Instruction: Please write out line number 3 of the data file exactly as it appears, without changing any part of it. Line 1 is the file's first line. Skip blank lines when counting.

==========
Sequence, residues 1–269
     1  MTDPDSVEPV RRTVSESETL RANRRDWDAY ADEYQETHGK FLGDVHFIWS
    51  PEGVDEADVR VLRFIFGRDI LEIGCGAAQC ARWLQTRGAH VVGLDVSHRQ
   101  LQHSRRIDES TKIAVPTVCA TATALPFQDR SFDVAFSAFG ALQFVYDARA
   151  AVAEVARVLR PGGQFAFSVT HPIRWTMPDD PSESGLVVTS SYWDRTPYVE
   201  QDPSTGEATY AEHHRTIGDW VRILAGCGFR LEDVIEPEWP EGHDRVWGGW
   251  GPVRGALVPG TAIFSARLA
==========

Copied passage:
    51  PEGVDEADVR VLRFIFGRDI LEIGCGAAQC ARWLQTRGAH VVGLDVSHRQ